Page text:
In my last post, I talked about how much aspies hate being asked "how was your day". It was entirely from an aspie point of view and I made no apologies for our behaviour but simply told things as they are.
I got a lot of feedback about that post including a few messages from NTs about how much strain this puts on the relationship. I started to think about how this affects my relationship and discussed it with my wife.
She replied that "it's downright rude" and she has a point though I'd probably use the word "direct" rather than "rude".
Who should change? You may have gotten the idea from my last post that I think the NT should change to accommodate the aspie and if I was speaking only as an aspie, I'd probably agree. From a relationship point of view however, it's obvious that this isn't the answer.
My intention with this series of posts is to try to see both sides of the story.
But first... a bit of a meander...
Changing People It's my firm belief that you can't change people. In my life, I've seen this demonstrated time and time again and I've come to accept it as a universal truth. Admittedly, there are some heroes out there who can turn their life around by successful avoidance of addictive substances, crash dieting or a change of religion. These people are few and far between.
I first started to think about changing people when I was going out with my wife and she'd say "oh... you won't be doing that after we're married" (usually about spending inordinate amounts of time on the computer). After a few rocky early years though, we both came to accept that we'd married each other because of who we were - not who we could mould each other into.
I still spend inordinate amounts of time on the computer but I accept that it is my wife's role to remind me that there is life outside of it. I find that I compensate by swinging pendulum-like between too much time and too little time. I strive for balance but rarely find it. Computers are in my "blood", they're a special interest and I can't avoid them. The best I can do is fight back against their call.
It's true that people change as they get older. I eat rice now (I hated it when I first got married) and I actually love chilli and curry, which were big no-no's then. Of course, I still won't go near sultanas, grapes, dates or prunes - so I'm not completely changed.
Limiting Change What really concerned me about the responses to my last post was the suggestion that people "changed" after marriage or changed after their diagnosis. Don't get me wrong... it's impossible to not be changed after big events, such as marriage, children and a diagnosis of a condition but there are limits to be imposed on these changes.
I'm sensing that the catalyst for change isn't so much marriage as diagnosis - or perhaps the acceptance of the diagnosis. It's good to relax into your condition (aspergers) and be yourself for once. It's something that I'm often encouraging aspies to do.
It's good to acknowledge that you don't enjoy a lot of conversations or social gatherings but at the same time, you can't forget family. You should take care not to change so much that you stop being the person your partner married.
Having obtained an aspergers diagnosis at last cannot be an excuse to abandon society.
Now, before you get up in arms about this.. let me explain;
Scenario 1: Aspie Bob. Aspie Bob has always had a lot of social issues. He never was a particularly well adjusted aspie and he always felt uncomfortable. Luckily for him, he still managed to get married to a girl who loved him for who he was. Of course, he didn't know that he was aspie - he only found that out after he was married.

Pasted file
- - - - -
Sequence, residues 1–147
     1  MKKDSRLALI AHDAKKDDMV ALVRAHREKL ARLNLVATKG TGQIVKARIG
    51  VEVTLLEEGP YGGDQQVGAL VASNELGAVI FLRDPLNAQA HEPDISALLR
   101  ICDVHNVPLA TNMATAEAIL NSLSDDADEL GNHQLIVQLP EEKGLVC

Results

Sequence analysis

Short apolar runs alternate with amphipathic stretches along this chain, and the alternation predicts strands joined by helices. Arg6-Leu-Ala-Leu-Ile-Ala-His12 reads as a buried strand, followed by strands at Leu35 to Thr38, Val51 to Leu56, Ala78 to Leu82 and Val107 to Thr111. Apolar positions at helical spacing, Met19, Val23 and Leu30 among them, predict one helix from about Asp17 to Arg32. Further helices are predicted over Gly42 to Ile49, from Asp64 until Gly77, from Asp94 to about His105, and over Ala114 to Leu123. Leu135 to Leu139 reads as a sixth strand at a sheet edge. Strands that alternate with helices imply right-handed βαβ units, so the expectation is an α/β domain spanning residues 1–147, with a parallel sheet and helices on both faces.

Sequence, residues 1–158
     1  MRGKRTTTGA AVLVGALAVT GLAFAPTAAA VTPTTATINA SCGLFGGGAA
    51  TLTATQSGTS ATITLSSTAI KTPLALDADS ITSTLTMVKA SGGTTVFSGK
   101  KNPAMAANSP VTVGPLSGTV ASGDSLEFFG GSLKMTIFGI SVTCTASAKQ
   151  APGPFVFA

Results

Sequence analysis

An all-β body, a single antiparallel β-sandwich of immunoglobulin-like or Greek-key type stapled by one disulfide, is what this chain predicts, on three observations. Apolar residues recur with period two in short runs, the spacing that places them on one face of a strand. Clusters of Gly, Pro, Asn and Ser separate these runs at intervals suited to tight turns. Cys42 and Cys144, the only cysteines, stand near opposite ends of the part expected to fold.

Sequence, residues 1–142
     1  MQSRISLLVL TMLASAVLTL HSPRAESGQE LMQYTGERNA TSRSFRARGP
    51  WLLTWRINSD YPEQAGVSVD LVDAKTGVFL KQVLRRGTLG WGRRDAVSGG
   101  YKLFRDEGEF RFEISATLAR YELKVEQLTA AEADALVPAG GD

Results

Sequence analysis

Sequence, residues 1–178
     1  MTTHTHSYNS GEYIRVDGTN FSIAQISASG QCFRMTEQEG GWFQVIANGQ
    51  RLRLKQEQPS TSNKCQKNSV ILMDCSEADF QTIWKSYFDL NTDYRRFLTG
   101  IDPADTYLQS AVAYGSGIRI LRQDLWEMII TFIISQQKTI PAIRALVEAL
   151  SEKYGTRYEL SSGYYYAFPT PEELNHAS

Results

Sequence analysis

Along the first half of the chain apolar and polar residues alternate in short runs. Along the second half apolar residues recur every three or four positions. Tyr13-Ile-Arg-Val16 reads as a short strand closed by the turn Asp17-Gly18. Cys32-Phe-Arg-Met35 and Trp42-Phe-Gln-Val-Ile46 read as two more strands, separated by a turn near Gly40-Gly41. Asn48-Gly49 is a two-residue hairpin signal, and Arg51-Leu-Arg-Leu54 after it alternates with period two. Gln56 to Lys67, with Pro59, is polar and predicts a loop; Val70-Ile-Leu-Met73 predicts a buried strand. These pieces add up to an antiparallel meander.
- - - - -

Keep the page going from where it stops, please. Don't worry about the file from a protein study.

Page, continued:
The diagnosis changed aspie Bob a little. He realised that it was ok to hate social gatherings and he didn't feel so bad about avoiding them. He still spent time with family and friends but now, at least, they understood why he felt so uncomfortable. His diagnosis brought more understanding to his family and ultimately more happiness.
Scenario 2: Aspie Dave. Aspie Dave was a well-adjusted person. He disliked social gatherings but still attended and would often be the centre of attention when he got there. He was always telling jokes - actually, he was always talking non-stop. Sure, often he'd say the wrong thing and this would cause some friction but most people just said... "oh, that's Dave, he doesn't mean it".
Aspie Dave was married with a family too - and he received a late diagnosis. As he read more and more about his condition, aspie Dave began to act more and more aspie. It was mostly subconscious (hypochondria) (Correction: psychosomatic) but aspie Dave started to attend social gatherings less frequently. He accepted that, as an aspie, he wasn't great at this social thing, and more or less withdrew inwardly. He stopped talking to his family.
Summary In the second case, the diagnosis itself is a catalyst for change - and not a change for the better. In fact, Aspie Dave's acceptance of the condition caused him to throw away the adjustments he'd made over the years to compensate for the condition.
I'm not for a moment suggesting that aspies shouldn't be themselves. They certainly should. There's no reason to "pretend" to be anything other than what you are around your family. The problem is that it's part of human nature to be a hypochondriac (Correction: psychosomatic). Whenever we watch a documentary about a rash, we find ourselves sub-consciously itching. The same is true for mental conditions - but worse, since the immediate effects aren't always so visible.
In my next post, I'll try to look more on the conversational side of things without getting side-tracked (I hope).